Team Effort Between UH, Michigan State May Lead to Strategies to Reduce Antibiotic Resistance
In a study that literally analyzed competing bacteria fighting it out to the death, a University of Houston (UH) researcher and his colleagues identified evolutionary ‘winners’ and ‘losers.’ Continuing research to understand the basis of these fates may become a useful tool is designing roadblocks to antibiotic resistance.
In collaboration with scientists at Michigan State University (MSU), UH evolutionary biologist Timothy Cooper and his graduate student Utpala Shrestha were co-authors on a paper titled “Second-Order Selection for Evolvability in a Large Escherichia coli Population.” The report appeared March 18 in Science, the world’s leading journal of original scientific research, global news and commentary.
“The project found that bacteria growing for thousands of generations in an environment containing glucose as the only food had evolved to be better at getting better,” Cooper said. “We found that two lineages of bacteria arose and competed in a single experimental population. The lineage that initially grew more slowly, yet had the potential to evolve more rapidly, was the evolutionary ‘winner.’ This is surprising because it’s usually thought that competition is decided by what competitors can do now and not what they are capable of in the future.”
As genetic changes occurred, making some individuals better competitors on the glucose food, other individuals that did not quickly get their own beneficial mutations were outcompeted and went extinct. Down the line, understanding the benefits of evolving quickly like this will be a useful tool to predict such things as antibiotic resistance and the evolution of infectious disease. Cooper said this knowledge may one day help scientists design intervention strategies that make the evolution of these traits less likely to occur.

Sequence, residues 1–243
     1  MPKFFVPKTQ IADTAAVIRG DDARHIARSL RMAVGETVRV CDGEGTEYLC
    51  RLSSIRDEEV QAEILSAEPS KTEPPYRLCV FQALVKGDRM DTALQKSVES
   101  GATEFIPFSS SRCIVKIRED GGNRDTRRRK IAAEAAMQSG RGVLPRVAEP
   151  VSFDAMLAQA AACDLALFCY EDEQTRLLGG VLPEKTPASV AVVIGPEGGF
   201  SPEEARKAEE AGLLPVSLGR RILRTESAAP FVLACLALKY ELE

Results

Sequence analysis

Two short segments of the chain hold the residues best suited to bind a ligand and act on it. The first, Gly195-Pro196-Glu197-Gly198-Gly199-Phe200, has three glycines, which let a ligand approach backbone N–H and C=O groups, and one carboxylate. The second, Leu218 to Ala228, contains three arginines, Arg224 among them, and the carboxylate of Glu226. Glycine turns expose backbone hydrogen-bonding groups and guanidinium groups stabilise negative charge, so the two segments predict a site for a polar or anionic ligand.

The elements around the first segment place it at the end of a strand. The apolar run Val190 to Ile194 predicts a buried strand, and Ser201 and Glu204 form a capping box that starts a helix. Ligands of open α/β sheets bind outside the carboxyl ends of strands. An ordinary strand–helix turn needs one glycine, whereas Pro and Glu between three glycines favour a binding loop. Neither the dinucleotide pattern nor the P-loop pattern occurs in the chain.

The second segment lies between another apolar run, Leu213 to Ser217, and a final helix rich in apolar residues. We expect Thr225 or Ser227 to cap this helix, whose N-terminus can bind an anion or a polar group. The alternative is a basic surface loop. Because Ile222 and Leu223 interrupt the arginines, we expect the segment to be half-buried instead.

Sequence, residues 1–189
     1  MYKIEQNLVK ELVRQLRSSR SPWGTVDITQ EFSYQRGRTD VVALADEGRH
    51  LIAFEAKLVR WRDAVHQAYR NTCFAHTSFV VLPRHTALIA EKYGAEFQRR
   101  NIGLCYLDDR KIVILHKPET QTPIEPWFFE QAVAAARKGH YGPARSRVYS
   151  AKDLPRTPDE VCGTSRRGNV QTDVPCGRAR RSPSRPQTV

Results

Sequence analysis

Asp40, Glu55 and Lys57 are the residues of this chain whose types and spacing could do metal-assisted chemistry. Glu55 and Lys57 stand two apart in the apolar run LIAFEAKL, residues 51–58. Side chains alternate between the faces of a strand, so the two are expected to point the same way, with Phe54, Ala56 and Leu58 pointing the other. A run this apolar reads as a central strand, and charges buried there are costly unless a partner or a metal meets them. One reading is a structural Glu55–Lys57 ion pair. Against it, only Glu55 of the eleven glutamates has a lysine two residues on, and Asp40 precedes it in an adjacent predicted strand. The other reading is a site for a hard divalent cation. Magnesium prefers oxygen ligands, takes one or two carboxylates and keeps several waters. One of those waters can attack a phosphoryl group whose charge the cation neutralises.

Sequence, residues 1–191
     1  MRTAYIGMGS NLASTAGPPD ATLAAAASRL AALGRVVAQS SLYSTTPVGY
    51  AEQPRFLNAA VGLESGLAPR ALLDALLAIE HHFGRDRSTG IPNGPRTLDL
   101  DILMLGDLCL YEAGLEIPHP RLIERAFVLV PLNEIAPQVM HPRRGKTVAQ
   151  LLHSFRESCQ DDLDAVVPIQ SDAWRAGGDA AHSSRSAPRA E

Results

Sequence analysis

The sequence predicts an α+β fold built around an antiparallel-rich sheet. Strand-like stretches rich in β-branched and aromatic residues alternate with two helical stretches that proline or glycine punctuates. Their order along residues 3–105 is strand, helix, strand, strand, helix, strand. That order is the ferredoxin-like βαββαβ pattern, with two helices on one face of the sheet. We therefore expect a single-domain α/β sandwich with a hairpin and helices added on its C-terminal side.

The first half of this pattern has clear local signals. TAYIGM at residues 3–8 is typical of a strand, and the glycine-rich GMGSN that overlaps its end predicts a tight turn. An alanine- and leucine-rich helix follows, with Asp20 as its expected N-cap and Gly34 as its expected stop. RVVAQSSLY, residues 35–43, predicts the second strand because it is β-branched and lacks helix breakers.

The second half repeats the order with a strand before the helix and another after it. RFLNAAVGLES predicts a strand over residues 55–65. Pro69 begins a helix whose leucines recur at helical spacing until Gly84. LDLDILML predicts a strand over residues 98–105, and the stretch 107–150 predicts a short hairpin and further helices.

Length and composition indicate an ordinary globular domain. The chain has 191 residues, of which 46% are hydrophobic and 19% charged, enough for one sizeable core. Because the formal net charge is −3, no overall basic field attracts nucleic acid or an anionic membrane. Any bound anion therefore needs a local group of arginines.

The work done by Cooper and Shrestha at UH established the specific genetic changes occurring during this bacterial evolution experiment that caused the change in their ability to evolve further. They discovered the genetic change that was important for determining which bacteria would prevail and which were destined to become extinct.
“Our collaborators isolated individual bacteria from a population that had evolved for 500 generations and sequenced their entire DNA genome to determine all the changes that had occurred,” Cooper said. “By isolating these changes and adding them in defined combinations back into the original ancestral strain, we were able to determine their individual effects.”
Reminiscent of Aesop’s lesson that ‘slow and steady wins the race,’ Cooper adds that even bacteria can benefit from a long-term view, with their experiment showing that bacteria that adapted, slowly but consistently, outcompeted those that initially grew quickly but then ran out of ways to improve.
With much of his work based on experimental evolution, which is the lab-based study of evolving populations, Cooper’s motivation for this experiment comes from wanting to understand the factors involved in evolution of organisms to better fit their environments. Using bacterial and computational experimental systems he aims to identify and integrate these mechanisms and examine how they depend on genetic and environmental factors.
“Bacteria provide an ideal model system to address these questions, because they evolve so quickly, undergoing thousands of generations in only a few years,” Cooper said. “Additionally, we can now sequence their entire genomes and determine the genetic changes that lead to improvements in their ability to grow.”
Funded by the National Science Foundation and the Defense Advanced Research Projects Agency, this work was a multidisciplinary effort done in collaboration with researchers in zoology, microbiology and molecular genetics at MSU. In addition to UH’s Cooper and Shrestha, the MSU team consisted of Richard Lenski, Jeffrey Barrick, Robert Woods and Mark Kauth. Woods has since moved on to the University of Michigan and Barrick is currently at the University of Texas at Austin.
- Lisa Merkl, University Communication